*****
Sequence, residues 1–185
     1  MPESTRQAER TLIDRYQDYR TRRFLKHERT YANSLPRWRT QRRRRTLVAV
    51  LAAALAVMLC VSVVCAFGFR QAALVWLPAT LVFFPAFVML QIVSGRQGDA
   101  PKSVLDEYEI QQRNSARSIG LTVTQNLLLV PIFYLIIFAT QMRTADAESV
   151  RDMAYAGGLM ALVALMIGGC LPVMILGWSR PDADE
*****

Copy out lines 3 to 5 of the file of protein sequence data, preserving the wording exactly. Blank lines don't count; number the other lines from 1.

    51  LAAALAVMLC VSVVCAFGFR QAALVWLPAT LVFFPAFVML QIVSGRQGDA
   101  PKSVLDEYEI QQRNSARSIG LTVTQNLLLV PIFYLIIFAT QMRTADAESV
   151  RDMAYAGGLM ALVALMIGGC LPVMILGWSR PDADE